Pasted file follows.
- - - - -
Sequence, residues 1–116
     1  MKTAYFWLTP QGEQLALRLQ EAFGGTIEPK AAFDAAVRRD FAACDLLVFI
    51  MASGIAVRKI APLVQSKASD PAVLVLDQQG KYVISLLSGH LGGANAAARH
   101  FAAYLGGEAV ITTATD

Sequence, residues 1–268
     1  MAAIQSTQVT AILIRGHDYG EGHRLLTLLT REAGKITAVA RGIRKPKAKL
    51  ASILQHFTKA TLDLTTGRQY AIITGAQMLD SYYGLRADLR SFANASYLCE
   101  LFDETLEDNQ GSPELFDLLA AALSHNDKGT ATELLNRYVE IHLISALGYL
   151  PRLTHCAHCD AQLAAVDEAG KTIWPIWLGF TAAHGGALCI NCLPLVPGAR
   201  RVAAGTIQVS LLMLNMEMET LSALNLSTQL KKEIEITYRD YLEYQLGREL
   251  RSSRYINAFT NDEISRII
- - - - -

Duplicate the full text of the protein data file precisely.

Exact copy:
Sequence, residues 1–116
     1  MKTAYFWLTP QGEQLALRLQ EAFGGTIEPK AAFDAAVRRD FAACDLLVFI
    51  MASGIAVRKI APLVQSKASD PAVLVLDQQG KYVISLLSGH LGGANAAARH
   101  FAAYLGGEAV ITTATD

Sequence, residues 1–268
     1  MAAIQSTQVT AILIRGHDYG EGHRLLTLLT REAGKITAVA RGIRKPKAKL
    51  ASILQHFTKA TLDLTTGRQY AIITGAQMLD SYYGLRADLR SFANASYLCE
   101  LFDETLEDNQ GSPELFDLLA AALSHNDKGT ATELLNRYVE IHLISALGYL
   151  PRLTHCAHCD AQLAAVDEAG KTIWPIWLGF TAAHGGALCI NCLPLVPGAR
   201  RVAAGTIQVS LLMLNMEMET LSALNLSTQL KKEIEITYRD YLEYQLGREL
   251  RSSRYINAFT NDEISRII